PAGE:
Saturday, October 31, 2015

EDITORIAL >> Areas revisit wet-dry laws

The Lonoke County Quorum Court and Jacksonville officials in separate undertakings are hoping to do away with local alcohol restrictions that prohibit sales in restaurants, grocery and convenience stores, except with a private-club license. And liquor stores are banned entirely.

As with all prohibitions, the aim is to prevent or reduce use of a certain product, but what usually happens is that the demand remains and the providers operate elsewhere.

Jacksonville and Cabot residents routinely dine in North Little Rock to enjoy drinks with their meals. They can’t buy beer or wine at their grocery store either, so they have to stop at the liquor stores near the Pulaski County line.

Officials may not be concerned with the inconvenience of residents, but they know millions of dollars are pouring out of their communities and would like to keep some of that money to spend on roads and parks and create new service and constructions jobs when the major-name restaurants come to town.

We’ve said before that it’s time to do away with dry laws. Voters in 2014 rejected a ballot amendment — backed by Walmart — that would have ended alcohol laws across the state. It was close, with 57 percent against.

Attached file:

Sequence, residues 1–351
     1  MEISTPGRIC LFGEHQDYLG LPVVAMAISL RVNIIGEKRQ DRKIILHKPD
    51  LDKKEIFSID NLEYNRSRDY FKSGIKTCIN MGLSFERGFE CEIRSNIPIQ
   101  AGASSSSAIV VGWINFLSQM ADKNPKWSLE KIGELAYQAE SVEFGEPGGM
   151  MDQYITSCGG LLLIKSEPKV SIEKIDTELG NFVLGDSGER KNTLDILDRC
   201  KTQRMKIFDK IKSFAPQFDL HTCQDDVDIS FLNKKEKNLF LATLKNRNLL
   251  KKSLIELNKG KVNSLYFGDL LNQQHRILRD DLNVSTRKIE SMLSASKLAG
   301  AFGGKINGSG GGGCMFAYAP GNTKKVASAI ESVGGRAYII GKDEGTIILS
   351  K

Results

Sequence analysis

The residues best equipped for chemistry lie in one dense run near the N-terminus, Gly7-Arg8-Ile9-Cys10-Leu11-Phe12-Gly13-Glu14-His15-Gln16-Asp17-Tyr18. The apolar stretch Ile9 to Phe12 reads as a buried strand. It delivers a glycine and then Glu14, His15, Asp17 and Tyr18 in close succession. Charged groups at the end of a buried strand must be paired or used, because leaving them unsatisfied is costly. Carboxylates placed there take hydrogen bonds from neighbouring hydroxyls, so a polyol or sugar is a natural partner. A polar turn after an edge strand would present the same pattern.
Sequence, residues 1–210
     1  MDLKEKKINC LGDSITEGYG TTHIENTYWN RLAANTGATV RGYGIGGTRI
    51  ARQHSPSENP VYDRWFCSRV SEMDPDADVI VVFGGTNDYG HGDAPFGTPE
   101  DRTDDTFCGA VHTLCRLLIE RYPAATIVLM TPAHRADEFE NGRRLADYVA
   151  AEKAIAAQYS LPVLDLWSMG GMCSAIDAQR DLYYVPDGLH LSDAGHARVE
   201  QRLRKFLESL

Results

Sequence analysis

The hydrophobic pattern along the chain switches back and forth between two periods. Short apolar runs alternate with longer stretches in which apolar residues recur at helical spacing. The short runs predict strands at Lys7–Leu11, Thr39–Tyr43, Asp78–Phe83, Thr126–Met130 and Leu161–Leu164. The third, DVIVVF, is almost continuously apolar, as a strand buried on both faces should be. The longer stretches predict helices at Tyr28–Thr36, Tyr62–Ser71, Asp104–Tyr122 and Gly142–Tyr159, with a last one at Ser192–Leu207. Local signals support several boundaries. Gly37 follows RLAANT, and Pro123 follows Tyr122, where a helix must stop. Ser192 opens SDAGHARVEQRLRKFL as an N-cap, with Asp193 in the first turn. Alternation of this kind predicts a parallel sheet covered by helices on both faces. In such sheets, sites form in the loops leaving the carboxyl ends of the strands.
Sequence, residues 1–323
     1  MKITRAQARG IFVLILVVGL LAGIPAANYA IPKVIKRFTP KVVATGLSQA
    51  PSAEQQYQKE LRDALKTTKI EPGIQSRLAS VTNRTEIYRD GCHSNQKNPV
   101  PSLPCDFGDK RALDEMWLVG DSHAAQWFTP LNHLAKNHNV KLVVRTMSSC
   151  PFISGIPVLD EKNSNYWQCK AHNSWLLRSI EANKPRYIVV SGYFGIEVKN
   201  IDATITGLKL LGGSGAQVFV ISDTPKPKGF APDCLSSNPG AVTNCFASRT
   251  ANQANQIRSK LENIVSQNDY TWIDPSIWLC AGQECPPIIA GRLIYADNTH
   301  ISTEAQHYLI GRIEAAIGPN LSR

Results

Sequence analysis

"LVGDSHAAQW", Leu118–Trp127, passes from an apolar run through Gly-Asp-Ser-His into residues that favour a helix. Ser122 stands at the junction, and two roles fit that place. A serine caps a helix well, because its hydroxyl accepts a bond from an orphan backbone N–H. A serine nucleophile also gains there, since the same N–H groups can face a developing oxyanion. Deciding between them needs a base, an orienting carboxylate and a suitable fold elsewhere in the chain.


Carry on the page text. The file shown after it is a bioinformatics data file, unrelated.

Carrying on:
The alcohol amendment was even closer locally with 10,822 voting for it and 8,533 against it in Lonoke County. Even Pulaski County, where alcohol sales are allowed, except in Jacksonville and some of Sherwood, voters were closely divided with 477,877 supporting it and 354,446 against.

Many voters were swayed by the argument that alcohol laws should be decided locally, as some communities have established prohibitions on firearms or other issues.

In the run-up to the statewide vote last year, organizers in Jacksonville and Sherwood were collecting signatures to get a local election on expanding liquor sales into restaurants, grocery and convenience stores.

They now want to revive those efforts. Rep. Bob Johnson (D-Jacksonville) has asked the attorney general if the signatures collected last year can be carried over to another round of petitioning. The law has changed since those were collected, lowering the percentage of names required from 35 percent to 15 percent. But that comes at a cost. The ensuing vote will now be only on allowing alcohol sales for on-premise consumption at restaurants and hotels.

Sherwood organizers have been less active recently but remain interested in allowing liquor sales all over town.

The Lonoke County Quorum Court unanimously requested that the University of Arkansas Extension Service do a study on the economic benefits of doing away with the county’s dry laws. It will almost certainly say that drunk driving and alcoholism rates will stay at current rates and cities and the county can generate millions in revenue every year.

Since the study will come from a trusted agency that’s known for its good work supporting farmers and rural communities for decades, the results will then be used to make the case with voters. They’ll be asked to pass it in the name of supporting local businesses that will create new jobs.

North Little Rock’s restaurant row is saturated with just about every franchise name in the industry, but others will want open in Jacksonville and Cabot when liquor laws are finally changed.